New Year's Eve

In 2009, Garry Marshall directed Valentine’s Day, a film that brought together a bunch of celebrities in multiple narratives to fall in love just in time for the February holiday. The movie was largely derided by critics for its shoddy storytelling, weak characters and clichés. Now Marshall is back to celebrate a new special day of the year, New Year’s Eve, and somehow the results are even worse.

The movie takes place entirely on the day before the calendars change as multiple characters find love and redemption in the heart of New York City before the ball drops in Times Square. While it would take forever to describe all of the plots, among the storylines is a couple (Jessica Biel, Seth Meyers) trying to win the prize money that comes with giving birth to the first child of the new year; a dying man (Robert De Niro) who wants to do nothing more than watch the start of the new year from the roof of the hospital; the vice president of the Times Square alliance (Hilary Swank) who is in charge of making sure all of the events go smoothly; two neighbors (Ashton Kutcher, Lea Michelle) trapped on an elevator together; and a caterer (Katherine Heigl) who must deal with her rock star ex-fiancée (Jon Bon Jovi) coming back into her life.

Part of the series of romantic movies with multiple plots that became popular after the release and success of Richard Curtis’ Love Actually in 2003, New Year’s Eve translates that idea as “eight thrown together naratives that are 80% filler, 20% content.” While the film runs almost two hours, if you were to cut each story in half they would make just as much sense and be just as effective (which is to say not at all, but at least the movie would be shorter). Adding insult to injury is the way that the characters are connected. Previous examples of the genre have succeeded in making clever attempts to link the multiple tales, but Marshall’s film is satisfied half-assing it, giving the characters small and meaningless moments that don’t help the audience better understand the characters or affect the outcome of the stories

Most impressively, New Year's Eve has 20 main characters and fails to give any of them interesting personalities or narratives. Because of the insane number of stories that the film tries to pack in to its 118 minute runtime, movie-goers are constantly looking for one plot to latch on to, but it ends up being a lost cause because every character is either completely airheaded or excessively dull (though at least they mix it up along gender lines). This, of course, ends up tainting every romantic relationship in the film, as who wants to see the dumbass end up with the bore, the dumbass end up with the dumbass, the bore end up with the bore, or the bore end up with the dumbass?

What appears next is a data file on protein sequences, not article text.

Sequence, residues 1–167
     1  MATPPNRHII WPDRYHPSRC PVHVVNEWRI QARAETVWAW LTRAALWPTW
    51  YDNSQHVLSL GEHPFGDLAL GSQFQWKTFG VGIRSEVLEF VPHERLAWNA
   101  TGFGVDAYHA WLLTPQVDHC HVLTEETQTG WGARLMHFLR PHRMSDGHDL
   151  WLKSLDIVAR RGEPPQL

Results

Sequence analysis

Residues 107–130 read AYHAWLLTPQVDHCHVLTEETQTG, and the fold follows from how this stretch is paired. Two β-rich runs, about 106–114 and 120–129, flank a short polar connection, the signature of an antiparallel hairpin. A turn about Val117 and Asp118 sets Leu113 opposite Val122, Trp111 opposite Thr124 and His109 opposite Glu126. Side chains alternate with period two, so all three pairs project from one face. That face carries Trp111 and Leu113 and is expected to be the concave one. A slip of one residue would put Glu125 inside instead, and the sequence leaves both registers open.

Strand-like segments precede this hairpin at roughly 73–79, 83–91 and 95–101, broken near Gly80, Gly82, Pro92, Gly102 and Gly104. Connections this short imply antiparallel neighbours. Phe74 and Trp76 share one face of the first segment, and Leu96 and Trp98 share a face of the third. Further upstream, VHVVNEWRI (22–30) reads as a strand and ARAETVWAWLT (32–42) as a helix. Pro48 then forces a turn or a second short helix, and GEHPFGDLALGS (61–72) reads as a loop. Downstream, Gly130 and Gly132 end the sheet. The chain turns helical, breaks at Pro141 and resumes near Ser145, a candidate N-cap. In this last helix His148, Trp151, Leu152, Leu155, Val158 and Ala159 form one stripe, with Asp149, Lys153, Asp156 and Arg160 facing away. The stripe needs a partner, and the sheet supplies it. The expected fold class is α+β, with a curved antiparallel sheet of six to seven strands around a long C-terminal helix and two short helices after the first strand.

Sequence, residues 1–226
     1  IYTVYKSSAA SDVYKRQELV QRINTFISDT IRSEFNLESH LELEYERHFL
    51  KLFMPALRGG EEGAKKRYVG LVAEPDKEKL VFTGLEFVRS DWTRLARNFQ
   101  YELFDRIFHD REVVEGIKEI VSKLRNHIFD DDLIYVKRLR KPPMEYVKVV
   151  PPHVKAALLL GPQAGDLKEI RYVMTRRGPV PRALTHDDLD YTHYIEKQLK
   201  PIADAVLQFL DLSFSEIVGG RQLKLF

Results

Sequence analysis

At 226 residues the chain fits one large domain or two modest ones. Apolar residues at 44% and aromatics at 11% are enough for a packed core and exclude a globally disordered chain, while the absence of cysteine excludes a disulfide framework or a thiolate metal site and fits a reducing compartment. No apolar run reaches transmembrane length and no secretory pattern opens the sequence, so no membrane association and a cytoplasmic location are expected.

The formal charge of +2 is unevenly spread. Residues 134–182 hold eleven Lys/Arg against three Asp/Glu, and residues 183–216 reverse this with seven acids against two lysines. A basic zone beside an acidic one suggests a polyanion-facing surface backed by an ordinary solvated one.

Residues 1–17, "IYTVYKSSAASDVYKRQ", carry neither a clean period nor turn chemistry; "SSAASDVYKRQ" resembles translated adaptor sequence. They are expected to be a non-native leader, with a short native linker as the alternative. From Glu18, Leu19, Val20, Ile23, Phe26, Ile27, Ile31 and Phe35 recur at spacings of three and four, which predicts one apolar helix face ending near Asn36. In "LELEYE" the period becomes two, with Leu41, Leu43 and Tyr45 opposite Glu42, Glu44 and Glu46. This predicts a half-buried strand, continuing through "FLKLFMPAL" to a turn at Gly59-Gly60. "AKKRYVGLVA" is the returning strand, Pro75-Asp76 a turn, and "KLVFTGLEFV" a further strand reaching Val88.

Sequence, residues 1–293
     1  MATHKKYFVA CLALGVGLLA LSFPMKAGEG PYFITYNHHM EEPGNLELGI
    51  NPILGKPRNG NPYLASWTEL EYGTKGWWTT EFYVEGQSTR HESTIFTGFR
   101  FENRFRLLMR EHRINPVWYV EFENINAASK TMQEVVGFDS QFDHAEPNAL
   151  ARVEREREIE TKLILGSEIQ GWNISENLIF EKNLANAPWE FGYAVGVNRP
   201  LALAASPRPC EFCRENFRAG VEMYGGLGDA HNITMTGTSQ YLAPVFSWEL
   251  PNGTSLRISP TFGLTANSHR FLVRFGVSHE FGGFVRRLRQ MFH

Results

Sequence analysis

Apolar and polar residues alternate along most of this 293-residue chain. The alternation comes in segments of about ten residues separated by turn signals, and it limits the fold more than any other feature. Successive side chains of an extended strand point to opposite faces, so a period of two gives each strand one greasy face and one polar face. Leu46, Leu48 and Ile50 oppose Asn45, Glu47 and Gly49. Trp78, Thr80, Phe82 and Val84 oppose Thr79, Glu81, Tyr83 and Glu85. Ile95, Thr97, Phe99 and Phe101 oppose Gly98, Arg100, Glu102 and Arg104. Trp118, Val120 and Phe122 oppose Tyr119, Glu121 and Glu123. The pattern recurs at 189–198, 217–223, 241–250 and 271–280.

The movie doesn’t even qualify to be called a romantic comedy. That would mean it makes people laugh and fall in love with the characters, something it fails to do on both fronts. The characters do make jokes, but they either result in awkwardness or eye-rolls. The only time the audience actually reacts to the film it’s because they can’t believe what they are watching. For example, as Josh Duhamel takes an RV ride from Connecticut to New York, his Blackberry sits in a glass of rice that is never explained. The biggest laugh, however, comes with the last shot of the film as the camera looks over Times Square and a giant poster for Sherlock Holmes: A Game of Shadows - a film due out the week after this one’s release, from the same studio of course.

New Year’s Eve isn’t a film so much as it is a series of poorly made shorts that were thrown in a shredder and then haphazardly taped back together. To Garry Marshall’s credit, it must take some kind of skill to make a project that has so much going on, but at the same time nothing at all.

Eric Eisenberg
Assistant Managing Editor

NJ native who calls LA home and lives in a Dreamatorium. A decade-plus CinemaBlend veteran who is endlessly enthusiastic about the career he’s dreamt of since seventh grade.